• Specific Objectives and Competences

    • To know the objectives and principles that determine European transport policy
    • To identify the main transport corridors for the EU.
    • To understand the need for sustainable transport.


    • The EU has had a common transport policy since the Treaty of Rome (1957) and in the 1970s this was extended to include the aviation sector.
    • The main objective of this policy is to guarantee the mobility of people and goods travelling both within and to the EU. This policy also gives special attention to improving safety, reducing noise and pollution and protecting the natural environment.
    • The transport sector is also directly related to the efficiency and competitiveness of the economy. Logistics contribute an important part of the final price of the products that we consume.
    • The transport networks of the European countries have traditionally been designed from a national perspective. To establish a multimodal network that integrates the land, sea and air networks of the European countries, the EU has promoted the creation of the Trans-European Transport Network (TEN-T).
    • To help develop this network, the EU has provided its member states with a number of funding programmes:
    • To finance projects related to the Trans-European Transport Network (TEN-T), these must be declared to be of community interest. To receive this status, they must meet the following requisites:
      • Facilitate transport.
      • Optimise the efficiency of the existing infrastructure.
      • Contribute to the interoperability of the network
      • Incorporate measures to ensure environmental protection.
    • Together with its member states, the EU seeks to tackle a number of future challenges facing the transport networks of the EU:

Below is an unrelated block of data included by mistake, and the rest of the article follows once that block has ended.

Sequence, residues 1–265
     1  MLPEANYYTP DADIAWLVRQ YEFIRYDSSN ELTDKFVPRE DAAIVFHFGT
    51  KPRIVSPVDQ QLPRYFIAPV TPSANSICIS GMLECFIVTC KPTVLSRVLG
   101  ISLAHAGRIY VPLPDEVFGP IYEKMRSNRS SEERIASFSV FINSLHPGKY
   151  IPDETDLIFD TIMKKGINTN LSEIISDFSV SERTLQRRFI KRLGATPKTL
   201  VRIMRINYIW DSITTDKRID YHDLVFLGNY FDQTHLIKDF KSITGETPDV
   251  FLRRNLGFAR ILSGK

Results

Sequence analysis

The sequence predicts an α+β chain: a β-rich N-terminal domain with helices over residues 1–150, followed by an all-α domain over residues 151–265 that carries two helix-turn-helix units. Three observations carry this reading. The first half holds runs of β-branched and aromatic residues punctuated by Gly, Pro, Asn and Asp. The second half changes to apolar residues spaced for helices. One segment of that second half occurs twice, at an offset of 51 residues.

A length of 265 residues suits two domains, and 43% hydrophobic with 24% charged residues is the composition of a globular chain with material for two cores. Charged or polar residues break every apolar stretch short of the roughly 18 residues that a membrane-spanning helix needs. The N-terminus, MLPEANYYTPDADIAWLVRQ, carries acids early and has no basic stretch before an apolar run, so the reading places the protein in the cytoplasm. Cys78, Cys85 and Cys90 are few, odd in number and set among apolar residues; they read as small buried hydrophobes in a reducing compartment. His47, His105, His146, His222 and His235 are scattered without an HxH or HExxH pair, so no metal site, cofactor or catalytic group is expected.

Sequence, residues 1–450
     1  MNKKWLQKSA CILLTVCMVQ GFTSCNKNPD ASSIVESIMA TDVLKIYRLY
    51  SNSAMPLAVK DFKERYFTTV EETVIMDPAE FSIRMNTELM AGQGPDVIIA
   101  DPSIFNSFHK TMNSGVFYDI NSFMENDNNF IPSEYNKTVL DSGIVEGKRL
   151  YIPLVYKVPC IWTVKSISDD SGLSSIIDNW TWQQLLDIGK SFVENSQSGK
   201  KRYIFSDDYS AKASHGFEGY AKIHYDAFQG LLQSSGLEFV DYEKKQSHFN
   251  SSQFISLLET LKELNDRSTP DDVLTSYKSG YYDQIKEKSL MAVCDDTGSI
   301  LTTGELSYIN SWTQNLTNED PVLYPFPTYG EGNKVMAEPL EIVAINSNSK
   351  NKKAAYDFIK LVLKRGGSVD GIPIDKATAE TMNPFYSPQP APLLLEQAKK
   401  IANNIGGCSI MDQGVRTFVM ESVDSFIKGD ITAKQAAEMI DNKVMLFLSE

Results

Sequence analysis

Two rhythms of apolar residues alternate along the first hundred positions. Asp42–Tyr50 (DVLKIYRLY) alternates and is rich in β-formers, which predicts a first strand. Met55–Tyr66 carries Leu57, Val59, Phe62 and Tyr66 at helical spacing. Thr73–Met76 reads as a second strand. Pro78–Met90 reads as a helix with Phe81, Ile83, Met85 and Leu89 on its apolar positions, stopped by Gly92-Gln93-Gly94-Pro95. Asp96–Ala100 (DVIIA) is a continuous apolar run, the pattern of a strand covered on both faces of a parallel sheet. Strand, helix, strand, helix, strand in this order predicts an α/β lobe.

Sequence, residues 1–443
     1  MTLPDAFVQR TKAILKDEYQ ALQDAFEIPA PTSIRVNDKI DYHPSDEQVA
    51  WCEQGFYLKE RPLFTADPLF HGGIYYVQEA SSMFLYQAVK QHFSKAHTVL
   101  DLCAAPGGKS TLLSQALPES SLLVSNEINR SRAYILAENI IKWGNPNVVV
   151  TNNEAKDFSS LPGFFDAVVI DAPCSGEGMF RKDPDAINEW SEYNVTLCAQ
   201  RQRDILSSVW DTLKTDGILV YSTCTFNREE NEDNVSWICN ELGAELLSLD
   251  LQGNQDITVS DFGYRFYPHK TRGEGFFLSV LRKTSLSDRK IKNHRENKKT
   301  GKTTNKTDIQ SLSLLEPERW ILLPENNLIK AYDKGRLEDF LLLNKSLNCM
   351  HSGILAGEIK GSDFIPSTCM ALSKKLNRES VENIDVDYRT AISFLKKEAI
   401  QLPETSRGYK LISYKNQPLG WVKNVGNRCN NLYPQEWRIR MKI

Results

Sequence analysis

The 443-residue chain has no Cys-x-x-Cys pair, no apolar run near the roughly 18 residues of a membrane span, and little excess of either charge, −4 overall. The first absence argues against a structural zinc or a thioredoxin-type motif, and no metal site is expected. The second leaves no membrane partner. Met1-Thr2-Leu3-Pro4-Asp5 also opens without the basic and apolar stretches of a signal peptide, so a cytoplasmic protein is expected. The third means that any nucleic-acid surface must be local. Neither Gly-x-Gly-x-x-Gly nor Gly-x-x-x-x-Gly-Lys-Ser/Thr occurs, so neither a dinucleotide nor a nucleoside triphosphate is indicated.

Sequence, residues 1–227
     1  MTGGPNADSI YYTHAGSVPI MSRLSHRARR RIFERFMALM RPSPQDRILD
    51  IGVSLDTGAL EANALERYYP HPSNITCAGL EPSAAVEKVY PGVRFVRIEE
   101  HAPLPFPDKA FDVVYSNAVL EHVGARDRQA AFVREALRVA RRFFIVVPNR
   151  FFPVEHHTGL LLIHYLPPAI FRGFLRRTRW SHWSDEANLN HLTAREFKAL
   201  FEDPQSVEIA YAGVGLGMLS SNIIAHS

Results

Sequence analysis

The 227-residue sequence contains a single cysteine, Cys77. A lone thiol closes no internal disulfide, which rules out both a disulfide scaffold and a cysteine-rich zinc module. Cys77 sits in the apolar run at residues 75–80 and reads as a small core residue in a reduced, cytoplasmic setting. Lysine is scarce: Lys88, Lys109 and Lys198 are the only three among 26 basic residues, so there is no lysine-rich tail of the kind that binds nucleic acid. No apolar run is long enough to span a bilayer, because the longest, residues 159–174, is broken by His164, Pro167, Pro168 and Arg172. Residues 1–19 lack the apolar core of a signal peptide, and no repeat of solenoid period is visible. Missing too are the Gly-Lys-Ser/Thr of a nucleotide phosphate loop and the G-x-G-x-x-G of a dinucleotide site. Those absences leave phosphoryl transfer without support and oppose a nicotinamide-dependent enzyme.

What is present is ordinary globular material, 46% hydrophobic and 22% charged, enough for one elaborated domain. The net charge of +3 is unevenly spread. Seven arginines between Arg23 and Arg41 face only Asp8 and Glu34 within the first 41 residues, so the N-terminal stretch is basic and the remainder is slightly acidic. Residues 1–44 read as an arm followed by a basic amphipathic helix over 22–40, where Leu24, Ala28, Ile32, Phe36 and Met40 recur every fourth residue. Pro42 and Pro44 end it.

Based on data about sustainable transport (en, fr, es, it, pl)

Discuss which types of transport measures should be promoted in Europe.


>15  EU transport network policies (en)



>15  Trans-European transport network



9-12  Introduction to transport (1)  (en, 10’15”)

9-12  Introduction to transport (2) (en, 1’44”)

12-15  Make the correct combination (en, it, el, lv, bg, ro, 2’33’’)

12-15  Mobility (bg, da, et, cs, de, el, es, en, fr, it, lv, lt, hu, mt, nl, pl, pt, ro, sl, sk, fi, sv, 2’23’’)

>15  The future of the railway (en, fr, de, 2’03’’)

>15  Why is transport important within the EU (en, 5’16’’)

>15  European Maritime Transport Space without barriers (en, 3’38’’)

>15  High Speed train lines (en, fr, de, it, es, pt, nl, 12’47’’)

>15  Simulation of a container and railway terminal (no sound, 4’13”)



>15  Port of Genoa (© European Union, 2013)

>15  Hamburg station (© European Union, 2013)


External Link

>15  TEN-T Executive Agency (en)

>15  Sea routes (en)

>15  Geographical resources relating to transport (en)

>15  EU Web on Mobility and Transport (en)

>15  General principles of the transport policy (bg, da, et, cs, de, el, es, en, fr, it, lv, lt, hu, mt, nl, pl, pt, ro, sl, sk, fi, sv)

>15  Data and figure about the EU transport sector (es, en, de, fr, it, pl)

>15  Lobby Ferrmed (en, es, de, fr, it)

>15  Article about maritime highways (comparison of transport costs by land and sea (es)

>15  General information about intermodality and transport networks (bg, da, et, cs, de, el, es, en, fr, ga, it, lv, lt, hu, mt, nl, pl, pt, ro, sl, sk, fi, sv)

>15  Intermodal European Association (en)